Thursday, April 30, 2009

The Way to Love (1) - The Last Meditations of Anthony de Mello

The title of this little book has at least two meanings: the way to love in the sense of how we should love, and the Way to love in the sense of the spiritual path to love. They are the same.
The lessons of this little book are not easy to swallow when we are reeling from the loss of a love. But they are the necessary lessons that we need to learn in order to heal and to pass to the next level of love. My copy is dog-eared and many passages are underlined. I think I had a lot of lessons to learn.
De Mello’s message is that love is basically a nightmare. Or rather attachment is a nightmare, which in many of our cases is the same thing because we don’t know what love really is.

If you wish to attain lasting happiness, you must be ready to hate father, mother, even your own life and to take leave of all your possessions. Not by renouncing them or giving them up because what you give up violently you are forever bound to. But rather by seeing them for the nightmare they are; and then, whether you keep them or not, they will have lost their grip over you, their power to hurt you, and you will be out of your dream at last, out of your darkness, your fear, your unhappiness.

De Mello shows us that we are programmed by our upbringing and by society to believe we cannot be happy without certain things – money, power, love etc. We exhaust our energies trying to rearrange reality around us to conform to our programming. Sometimes we succeed briefly, but not for long. It is an impossible task. We must change the programming instead. This reminds me of the Buddhist saying: we cannot cover the world with leather, but if we cover our feet with leather it will be the same as covering the world with leather.

On the contrary, getting rid of attachments is a perfectly delightful task if the instrument you use to rid yourself of them is not willpower or renunciation but sight. All you need to do is open your eyes and see that you do not really need the object of your attachment at all…

Attachment is a false belief, a fantasy in your head. Think of your previous loves that you thought you could never live without, says De Mello, and how you got over them. De Mello suggests this affirmation to ‘give the order’ to your subconscious to change the programming:

I am not really attached to you at all. I am merely deluding myself into the belief that without you I will not be happy.

De Mello is pitiless in hammering the message home that the ‘battle of attachments’ can never be won. If we don’t get what we want we are unhappy, but if we get what we want, the minds dwells on the one thing we didn’t get. This reminds me of what we saw in my posts on gratitude: if we are not grateful for what we already have, we are unlikely to be grateful for what we will have. When we get what we want, without gratitude we soon become bored and start wanting something else and the battle of attachments wages on. De Mello enjoins us to enjoy things without becoming attached to them, without clinging to them, without believing that we can’t live without them (because we can and do live without them).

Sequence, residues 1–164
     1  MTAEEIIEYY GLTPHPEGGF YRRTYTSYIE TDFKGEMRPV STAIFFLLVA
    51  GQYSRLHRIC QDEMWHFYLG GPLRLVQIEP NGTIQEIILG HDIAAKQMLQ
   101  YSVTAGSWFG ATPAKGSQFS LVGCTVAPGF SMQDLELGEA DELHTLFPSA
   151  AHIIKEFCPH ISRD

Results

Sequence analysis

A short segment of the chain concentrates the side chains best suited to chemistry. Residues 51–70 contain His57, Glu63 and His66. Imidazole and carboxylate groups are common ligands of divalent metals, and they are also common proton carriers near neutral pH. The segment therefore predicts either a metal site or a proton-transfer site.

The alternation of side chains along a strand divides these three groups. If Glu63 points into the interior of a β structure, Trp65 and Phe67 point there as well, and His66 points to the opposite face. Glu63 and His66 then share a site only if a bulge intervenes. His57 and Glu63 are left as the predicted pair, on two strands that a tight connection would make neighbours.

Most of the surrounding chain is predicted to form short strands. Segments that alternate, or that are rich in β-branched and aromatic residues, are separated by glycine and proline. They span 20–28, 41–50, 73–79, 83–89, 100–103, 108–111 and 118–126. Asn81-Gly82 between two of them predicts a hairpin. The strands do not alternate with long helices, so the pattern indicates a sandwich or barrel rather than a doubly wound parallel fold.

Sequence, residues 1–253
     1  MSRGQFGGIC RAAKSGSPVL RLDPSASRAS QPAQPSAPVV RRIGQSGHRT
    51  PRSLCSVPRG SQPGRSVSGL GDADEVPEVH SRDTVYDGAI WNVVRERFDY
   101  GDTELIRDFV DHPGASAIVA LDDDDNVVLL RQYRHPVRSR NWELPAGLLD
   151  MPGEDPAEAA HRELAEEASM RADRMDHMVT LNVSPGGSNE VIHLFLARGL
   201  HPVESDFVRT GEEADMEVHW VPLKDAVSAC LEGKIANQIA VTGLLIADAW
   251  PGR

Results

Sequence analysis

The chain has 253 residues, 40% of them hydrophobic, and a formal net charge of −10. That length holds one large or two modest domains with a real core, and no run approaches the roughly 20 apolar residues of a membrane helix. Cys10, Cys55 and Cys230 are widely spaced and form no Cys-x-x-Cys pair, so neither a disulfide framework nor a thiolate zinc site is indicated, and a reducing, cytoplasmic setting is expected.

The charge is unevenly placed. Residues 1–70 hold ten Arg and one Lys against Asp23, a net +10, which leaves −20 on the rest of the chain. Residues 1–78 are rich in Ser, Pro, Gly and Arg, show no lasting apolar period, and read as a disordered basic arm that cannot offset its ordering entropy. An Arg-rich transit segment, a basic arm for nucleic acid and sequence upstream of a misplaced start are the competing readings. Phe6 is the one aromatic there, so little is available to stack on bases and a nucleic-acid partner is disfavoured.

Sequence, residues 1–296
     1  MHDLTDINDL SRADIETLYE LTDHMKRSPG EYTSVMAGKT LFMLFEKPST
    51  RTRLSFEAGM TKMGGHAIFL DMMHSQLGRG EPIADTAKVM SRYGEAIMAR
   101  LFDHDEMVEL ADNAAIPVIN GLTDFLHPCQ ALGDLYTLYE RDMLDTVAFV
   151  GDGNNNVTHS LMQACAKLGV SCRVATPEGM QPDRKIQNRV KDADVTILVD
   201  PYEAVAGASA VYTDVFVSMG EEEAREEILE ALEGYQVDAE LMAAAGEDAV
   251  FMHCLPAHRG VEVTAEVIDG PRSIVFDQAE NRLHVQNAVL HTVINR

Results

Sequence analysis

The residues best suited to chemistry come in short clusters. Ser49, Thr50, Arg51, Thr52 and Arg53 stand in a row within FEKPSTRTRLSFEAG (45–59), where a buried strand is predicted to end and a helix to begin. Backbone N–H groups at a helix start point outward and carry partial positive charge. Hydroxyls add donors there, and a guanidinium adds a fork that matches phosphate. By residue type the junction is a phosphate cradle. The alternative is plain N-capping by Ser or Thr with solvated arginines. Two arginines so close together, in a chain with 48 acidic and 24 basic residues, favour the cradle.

If you learn to enjoy the scent of a thousand flowers you will not cling to one or suffer when you cannot get it.

This brings us in fact to the right way to love: loving in a non-attached way, with no strings ‘attached’, loving from a position of independence. This goes against the way we normally love: we in effect say to the person ‘if you want to be especial to me you must meet my conditions’. Likewise, if we want to be ‘especial’ to someone we must ‘pay a price in lost freedom’.
Again these are hard lessons, when you are hurting, when you would willingly pay any price to get your lost love back. But our lost love is not coming back and usually it is better that way. And our path to healing passes through the realisation that it is better that way and why. De Mello gives us a striking way to see clearly through our pain by saying to the object of our attachment:

I leave you free to be yourself, to think your thoughts, to indulge your tastes, follow your inclinations, behave in any way that you decide is to your liking.

Once we say those words, we will either disagree with them and reveal our clinging, exploiting, deluded self or agree with them, sincerely, in which case we will feel all our attachment and dependence drop. It is likely we will not agree, in which case those words will serve as an affirmation to lead us to that place where they will become true.

I used these affirmations and I can say they help. It is a cruel medicine and it doesn’t work overnight, but it is what the doctor ordered.

More to come in part two

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Discover The Tale of Genji, the 11th Century classic of Japan (click image)

Discover The Tale of Genji, the 11th Century classic of Japan (click image)
Kiyomizudera Temple has a large veranda looking out over Kyoto and beyond